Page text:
‘Vultures’ Sanctuary’ exists as an untitled carbon, with at least two drafts that are not much different from the final version. Ironically, after being rejected by Fiction House on January 9, 1936, the story’s fortunes turned when Byrne, who had recently moved to Argosy, purchased it. This led to its publication in the November 28, 1936 issue of Argosy.

From the letters:

On January 9, 1936 Howard received a letter from Fiction House with an apology for still holding on to the story:

Dear Mr. Howard:

I was surprised to learn upon receiving your letter this morning that I was still holding “Vulture’s Sanctuary” which you sent in such a long time ago. I was under the impression that this story had been returned to you with explanations some time well before Christmas.

I held the story longer than usual because there was a possibility that I might be able to use it in one of our magazines on which we had planned a revival. This is a well told, well motivated yarn.

As it happened, however, Mr. Glenister decided to keep our revived titles on a tentative basis. We are putting them on the stands purely as a gamble to see how they will go, and the continuance of these depends upon the sale we achieve. In any event I don’t believe that they will appear regularly again before the middle of the year.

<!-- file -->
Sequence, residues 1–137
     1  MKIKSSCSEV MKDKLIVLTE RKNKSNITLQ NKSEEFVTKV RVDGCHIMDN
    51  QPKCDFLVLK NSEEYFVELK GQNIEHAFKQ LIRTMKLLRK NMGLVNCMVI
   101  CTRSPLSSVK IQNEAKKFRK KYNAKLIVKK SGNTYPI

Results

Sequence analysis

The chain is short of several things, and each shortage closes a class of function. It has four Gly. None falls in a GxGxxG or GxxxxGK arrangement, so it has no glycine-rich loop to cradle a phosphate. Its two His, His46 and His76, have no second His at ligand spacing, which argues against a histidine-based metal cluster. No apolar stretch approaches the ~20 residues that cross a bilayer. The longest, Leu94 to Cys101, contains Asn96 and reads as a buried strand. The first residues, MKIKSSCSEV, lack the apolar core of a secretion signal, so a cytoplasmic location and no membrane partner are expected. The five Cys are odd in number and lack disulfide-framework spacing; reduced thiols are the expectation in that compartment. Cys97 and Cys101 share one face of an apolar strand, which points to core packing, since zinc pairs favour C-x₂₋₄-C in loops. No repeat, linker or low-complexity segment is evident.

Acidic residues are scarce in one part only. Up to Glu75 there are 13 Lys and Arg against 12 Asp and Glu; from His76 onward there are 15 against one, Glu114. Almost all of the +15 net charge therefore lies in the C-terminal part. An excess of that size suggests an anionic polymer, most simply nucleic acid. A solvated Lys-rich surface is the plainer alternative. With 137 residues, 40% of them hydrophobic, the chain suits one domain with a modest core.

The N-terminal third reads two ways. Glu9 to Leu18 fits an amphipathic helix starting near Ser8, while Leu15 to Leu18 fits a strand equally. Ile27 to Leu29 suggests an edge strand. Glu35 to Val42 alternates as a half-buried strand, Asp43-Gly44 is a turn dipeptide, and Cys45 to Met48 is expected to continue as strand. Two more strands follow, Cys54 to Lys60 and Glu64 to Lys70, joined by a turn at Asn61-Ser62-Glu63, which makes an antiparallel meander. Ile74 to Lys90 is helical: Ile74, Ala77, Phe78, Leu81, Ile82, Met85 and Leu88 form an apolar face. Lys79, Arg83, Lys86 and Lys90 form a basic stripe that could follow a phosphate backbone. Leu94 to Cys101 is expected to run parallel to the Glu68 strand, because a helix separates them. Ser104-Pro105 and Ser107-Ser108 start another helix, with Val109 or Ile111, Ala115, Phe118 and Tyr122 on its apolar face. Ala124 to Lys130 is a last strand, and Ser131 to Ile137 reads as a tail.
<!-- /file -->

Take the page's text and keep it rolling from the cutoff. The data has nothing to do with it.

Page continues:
Under the circumstances, with ACTION and LARIAT both bi-monthlies, our only regular publications, I am using very little material at this time. Hence the return of “Vulture’s Sanctuary” with my apologies for the unusual delay of it.

John F. Byrne

The story

“Vultures’ Sanctuary” by Robert E. Howard is set in the wilds of the Old West, where the lead character, Big Mac, encounters the infamous Checotah Kid. The Kid, an outlaw, seeks Mac’s help for a seemingly lucrative gold mine venture. As the story unfolds, it becomes apparent that the Kid’s intentions are far from honest, leading to intense confrontations and betrayals. This tale is steeped in the themes of treachery, survival, and the moral complexities of a lawless land.

The characters

  • Big Mac: A robust cowpuncher, central to the story.
  • Checotah Kid: A cunning and desperate outlaw.
  • Slip Ratner: A shady character who proposes a sinister plan to Big Mac.
  • Judith Ellis: A young girl unwittingly caught in the conflict.
  • Old Man Ellis: Judith’s father, who is involved in the story’s dramatic events.
  • El Bravo and his gang: Bandits mentioned as part of the story’s background.
  • Stark Campbell, John Garrison, Red Emmett, Wolf Wilson: Members of El Bravo’s gang encountered in the narrative.
  • Other characters: Include townsfolk and individuals involved in the saloon confrontation and subsequent events.

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